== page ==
(At this point I should probably throw in a disclaimer: I cannot stress enough that I sincerely believe the publicity department I work with at Transworld genuinely care about getting books they believe in into the hands of readers who’ll like them. I can believe that, because 1. I get to know them personally, 2. If the good ones are going to be anywhere, they’re going to be at Penguin Random House, 3. I’ve got something I’m trying to sell, and they’re helping me sell it and 4. They’re not trying to sell it to me.)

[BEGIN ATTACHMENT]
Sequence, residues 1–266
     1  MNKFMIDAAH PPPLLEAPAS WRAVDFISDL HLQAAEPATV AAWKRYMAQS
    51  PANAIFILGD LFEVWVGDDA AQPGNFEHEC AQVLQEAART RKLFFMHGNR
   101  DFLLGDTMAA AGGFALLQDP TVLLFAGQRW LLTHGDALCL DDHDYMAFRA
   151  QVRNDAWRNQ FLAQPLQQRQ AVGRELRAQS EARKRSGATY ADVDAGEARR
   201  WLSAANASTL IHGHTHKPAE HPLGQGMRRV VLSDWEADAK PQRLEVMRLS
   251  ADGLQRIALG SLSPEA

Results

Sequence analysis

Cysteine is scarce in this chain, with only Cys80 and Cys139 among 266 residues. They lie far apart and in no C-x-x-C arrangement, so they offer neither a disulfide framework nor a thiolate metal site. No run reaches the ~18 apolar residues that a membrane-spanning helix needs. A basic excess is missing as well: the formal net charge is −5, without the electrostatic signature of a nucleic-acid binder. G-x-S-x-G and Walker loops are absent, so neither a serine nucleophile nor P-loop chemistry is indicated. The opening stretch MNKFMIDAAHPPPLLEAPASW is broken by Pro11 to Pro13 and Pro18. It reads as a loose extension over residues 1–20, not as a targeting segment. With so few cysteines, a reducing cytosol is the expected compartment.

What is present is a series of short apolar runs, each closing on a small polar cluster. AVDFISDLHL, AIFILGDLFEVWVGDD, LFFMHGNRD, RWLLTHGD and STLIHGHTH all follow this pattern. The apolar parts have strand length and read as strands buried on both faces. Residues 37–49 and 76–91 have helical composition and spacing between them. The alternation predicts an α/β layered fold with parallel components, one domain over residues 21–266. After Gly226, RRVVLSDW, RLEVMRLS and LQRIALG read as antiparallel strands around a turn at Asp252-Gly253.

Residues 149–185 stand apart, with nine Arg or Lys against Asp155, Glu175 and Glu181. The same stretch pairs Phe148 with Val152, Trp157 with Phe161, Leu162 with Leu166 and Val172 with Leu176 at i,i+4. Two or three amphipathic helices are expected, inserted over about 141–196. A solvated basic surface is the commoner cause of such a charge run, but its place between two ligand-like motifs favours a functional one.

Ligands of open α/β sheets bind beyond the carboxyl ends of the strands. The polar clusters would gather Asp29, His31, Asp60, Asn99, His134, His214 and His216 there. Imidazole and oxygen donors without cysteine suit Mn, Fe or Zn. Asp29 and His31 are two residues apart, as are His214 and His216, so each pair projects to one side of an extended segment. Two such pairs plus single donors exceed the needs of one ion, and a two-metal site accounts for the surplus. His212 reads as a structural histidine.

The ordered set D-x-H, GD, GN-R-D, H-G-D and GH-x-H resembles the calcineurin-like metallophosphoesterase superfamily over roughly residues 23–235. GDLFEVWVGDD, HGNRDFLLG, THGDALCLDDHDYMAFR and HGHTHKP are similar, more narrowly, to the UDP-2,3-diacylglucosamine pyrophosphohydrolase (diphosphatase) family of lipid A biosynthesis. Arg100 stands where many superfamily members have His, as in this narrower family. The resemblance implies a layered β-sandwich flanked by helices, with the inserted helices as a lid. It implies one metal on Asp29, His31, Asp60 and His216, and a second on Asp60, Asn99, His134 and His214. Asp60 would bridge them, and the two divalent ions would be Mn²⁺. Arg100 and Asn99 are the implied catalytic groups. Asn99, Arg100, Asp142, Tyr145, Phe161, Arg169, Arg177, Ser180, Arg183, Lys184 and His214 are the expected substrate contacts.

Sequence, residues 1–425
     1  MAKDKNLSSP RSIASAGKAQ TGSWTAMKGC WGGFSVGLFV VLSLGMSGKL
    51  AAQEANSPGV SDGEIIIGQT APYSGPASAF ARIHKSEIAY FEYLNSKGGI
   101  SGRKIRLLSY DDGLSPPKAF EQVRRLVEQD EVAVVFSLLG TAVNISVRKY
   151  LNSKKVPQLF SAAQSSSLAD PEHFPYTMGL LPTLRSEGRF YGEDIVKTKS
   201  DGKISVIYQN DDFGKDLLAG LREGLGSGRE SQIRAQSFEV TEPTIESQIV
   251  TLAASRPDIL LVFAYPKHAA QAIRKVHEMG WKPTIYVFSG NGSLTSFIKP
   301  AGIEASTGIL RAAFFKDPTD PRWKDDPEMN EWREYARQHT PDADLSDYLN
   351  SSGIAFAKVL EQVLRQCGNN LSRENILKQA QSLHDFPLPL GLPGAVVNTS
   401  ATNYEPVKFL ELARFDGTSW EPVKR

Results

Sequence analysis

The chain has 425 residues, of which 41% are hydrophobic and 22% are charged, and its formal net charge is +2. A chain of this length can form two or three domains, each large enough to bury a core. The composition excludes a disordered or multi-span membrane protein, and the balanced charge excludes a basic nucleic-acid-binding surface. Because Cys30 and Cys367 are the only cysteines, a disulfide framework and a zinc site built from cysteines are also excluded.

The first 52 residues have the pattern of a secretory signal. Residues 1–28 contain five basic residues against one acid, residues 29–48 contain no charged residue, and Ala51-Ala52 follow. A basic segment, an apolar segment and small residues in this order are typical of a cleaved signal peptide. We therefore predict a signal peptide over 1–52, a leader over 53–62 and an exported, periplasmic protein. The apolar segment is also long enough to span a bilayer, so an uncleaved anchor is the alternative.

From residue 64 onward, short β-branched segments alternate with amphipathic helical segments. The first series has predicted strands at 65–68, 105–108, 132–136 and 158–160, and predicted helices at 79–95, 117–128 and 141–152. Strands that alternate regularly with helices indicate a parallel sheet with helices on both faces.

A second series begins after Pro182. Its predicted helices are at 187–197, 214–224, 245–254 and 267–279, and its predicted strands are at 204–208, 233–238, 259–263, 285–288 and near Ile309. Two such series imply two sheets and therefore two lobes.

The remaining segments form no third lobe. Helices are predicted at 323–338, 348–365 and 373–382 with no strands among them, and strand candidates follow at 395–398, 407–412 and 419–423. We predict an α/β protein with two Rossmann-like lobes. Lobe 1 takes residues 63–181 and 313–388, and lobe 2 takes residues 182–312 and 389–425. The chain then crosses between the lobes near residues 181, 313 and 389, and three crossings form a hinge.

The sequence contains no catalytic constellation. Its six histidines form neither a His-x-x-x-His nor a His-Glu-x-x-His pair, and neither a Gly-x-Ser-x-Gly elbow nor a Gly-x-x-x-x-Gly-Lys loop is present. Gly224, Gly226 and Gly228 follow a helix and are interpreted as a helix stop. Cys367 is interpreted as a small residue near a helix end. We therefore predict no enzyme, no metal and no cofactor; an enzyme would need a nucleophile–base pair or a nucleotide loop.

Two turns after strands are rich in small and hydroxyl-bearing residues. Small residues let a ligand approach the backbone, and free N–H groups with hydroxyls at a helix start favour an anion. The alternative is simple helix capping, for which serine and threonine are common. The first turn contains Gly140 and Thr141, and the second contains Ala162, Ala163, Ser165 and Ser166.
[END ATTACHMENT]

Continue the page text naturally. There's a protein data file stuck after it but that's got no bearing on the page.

It also sands away the more potentially alienating aspects. One of the reasons I don’t feel like “dystopian fiction” fits my story is that while there are many exaggerated elements in its world-building, the socio-political factors that throw New Cairo into chaos aren’t really among them. Its systems are dysfunctional due to institutional biases, dehumanization and the fact that no-one at any place within the city’s systems understand any other person’s place with the immediacy with which they understand their own. The implication is obviously that the same is true of the real world. It’s not ‘Bad’, it’s out of balance. But the question then becomes, what does this say about the reader? If these systems exist, and the people within it are complicit in its dysfunctionality, is the reader one of those people? Because I’m fairly certain there’s at least some young adults in million-pound houses reading The Hunger Games who don’t want to think about which district they’d be in, and what that says about their own lifestyles.